Motion planning with uncertainty: a landmark approach

Anthony Lazanas, Jean-Claude Latombe
1995 Artificial Intelligence  
In robotics uncertainty exists at both planning and execution time. Effective planning must make sure that enough information becomes available to the sensors during execution, to allow the robot to correctly identify the states it traverses. It requires selecting a set of states, associating a motion command with every state, and synthesizing functions to recognize state achievement. These three tasks are often interdependent, causing existing planners to be either unsound, incomplete, and/or
more » ... omputationally impractical. In this paper we partially break this interdependence by assuming the existence of landmark regions in the workspace. We define such regions as "islands of perfection" where position sensing and motion control are accurate. Using this notion, we propose a sound and complete planner of polynomial complexity. Creating landmarks may require some prior engineering of the robot and/or its environment. Though we believe that such engineering is unavoidable in order to build reliable practical robot systems, its cost must be reduced as much as possible. With this goal in mind, we also investigate how some of our original assumptions can be eliminated. In particular, we show that sensing and control do not have to be perfect in landmark regions. We also study the dependency of a plan on control uncertainty and we show that the structure of a reliable plan only changes at critical values of this uncertainty. Hence, any uncertainty reduction between two consecutive such values is useless. The proposed planner has been implemented. Experimentation has been successfully conducted both in simulation and using a NOMAD-200 mobile robot.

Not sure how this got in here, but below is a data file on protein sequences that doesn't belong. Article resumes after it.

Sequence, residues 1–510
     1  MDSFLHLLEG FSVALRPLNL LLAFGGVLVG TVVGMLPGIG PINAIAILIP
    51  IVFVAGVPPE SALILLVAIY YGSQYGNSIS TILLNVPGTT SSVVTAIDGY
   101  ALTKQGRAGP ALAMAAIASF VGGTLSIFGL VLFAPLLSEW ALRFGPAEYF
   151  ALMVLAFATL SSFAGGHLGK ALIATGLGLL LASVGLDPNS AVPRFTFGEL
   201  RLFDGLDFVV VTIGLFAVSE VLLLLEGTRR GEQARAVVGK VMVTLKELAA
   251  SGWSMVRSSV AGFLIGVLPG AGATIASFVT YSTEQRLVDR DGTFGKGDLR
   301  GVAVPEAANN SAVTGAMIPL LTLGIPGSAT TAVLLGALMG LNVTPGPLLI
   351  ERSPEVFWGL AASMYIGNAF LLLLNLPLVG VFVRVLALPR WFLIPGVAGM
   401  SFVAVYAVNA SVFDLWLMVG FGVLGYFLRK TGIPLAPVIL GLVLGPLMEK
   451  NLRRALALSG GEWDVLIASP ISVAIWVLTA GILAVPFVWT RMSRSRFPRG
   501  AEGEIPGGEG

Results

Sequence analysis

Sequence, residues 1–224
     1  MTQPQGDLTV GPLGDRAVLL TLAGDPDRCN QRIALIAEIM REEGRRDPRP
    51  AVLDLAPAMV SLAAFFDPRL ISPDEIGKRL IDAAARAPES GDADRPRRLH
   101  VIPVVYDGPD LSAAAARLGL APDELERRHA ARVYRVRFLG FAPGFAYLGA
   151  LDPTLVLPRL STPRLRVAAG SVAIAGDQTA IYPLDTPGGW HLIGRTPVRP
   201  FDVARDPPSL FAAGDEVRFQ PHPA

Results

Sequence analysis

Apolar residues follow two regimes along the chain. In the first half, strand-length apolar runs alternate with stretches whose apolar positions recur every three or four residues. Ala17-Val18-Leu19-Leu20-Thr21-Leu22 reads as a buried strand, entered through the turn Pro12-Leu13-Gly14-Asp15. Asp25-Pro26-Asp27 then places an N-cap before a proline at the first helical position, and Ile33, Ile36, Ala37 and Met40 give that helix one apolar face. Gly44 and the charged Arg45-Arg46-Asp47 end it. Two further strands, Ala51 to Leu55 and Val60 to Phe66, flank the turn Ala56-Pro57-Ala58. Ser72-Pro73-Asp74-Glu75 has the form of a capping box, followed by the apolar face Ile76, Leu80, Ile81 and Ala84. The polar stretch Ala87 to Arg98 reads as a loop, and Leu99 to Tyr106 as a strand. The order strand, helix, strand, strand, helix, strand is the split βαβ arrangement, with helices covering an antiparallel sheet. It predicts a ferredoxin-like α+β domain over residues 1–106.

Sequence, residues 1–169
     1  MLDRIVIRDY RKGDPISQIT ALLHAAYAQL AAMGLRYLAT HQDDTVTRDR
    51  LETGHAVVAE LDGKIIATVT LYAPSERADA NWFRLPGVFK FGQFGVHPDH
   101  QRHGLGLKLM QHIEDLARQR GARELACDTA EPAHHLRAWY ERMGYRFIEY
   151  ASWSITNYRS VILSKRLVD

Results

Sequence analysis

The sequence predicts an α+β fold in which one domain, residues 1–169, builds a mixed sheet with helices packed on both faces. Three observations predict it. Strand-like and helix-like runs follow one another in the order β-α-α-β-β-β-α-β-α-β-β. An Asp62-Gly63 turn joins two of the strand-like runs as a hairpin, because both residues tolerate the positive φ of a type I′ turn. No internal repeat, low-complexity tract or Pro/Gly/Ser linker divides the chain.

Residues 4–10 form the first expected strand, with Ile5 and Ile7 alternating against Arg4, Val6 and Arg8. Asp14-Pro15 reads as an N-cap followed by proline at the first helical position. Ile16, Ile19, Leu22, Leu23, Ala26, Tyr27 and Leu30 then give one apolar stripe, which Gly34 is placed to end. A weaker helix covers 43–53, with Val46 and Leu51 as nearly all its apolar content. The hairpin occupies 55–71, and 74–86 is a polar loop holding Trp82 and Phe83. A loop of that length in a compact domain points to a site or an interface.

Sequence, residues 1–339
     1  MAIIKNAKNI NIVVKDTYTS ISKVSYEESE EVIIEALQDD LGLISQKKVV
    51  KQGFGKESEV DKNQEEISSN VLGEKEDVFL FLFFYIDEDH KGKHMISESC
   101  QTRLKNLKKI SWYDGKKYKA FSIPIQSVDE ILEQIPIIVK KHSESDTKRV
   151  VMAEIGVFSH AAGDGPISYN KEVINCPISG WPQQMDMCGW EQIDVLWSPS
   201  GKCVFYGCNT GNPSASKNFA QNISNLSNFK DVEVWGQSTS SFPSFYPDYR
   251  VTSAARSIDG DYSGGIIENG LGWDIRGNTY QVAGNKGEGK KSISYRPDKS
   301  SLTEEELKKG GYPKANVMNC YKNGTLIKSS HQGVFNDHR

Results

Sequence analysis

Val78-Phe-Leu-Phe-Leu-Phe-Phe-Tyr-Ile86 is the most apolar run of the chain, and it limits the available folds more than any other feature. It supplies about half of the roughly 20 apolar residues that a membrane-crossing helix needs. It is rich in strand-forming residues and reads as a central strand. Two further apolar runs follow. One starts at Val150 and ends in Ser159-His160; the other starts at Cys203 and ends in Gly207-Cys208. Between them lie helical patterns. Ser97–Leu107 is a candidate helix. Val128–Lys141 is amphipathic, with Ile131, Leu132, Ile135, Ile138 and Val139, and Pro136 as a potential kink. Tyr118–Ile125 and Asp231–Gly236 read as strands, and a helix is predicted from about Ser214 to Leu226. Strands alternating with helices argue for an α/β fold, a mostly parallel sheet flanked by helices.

doi:10.1016/0004-3702(94)00079-g fatcat:hz525c4tefdd3o2u3wirfe4nfa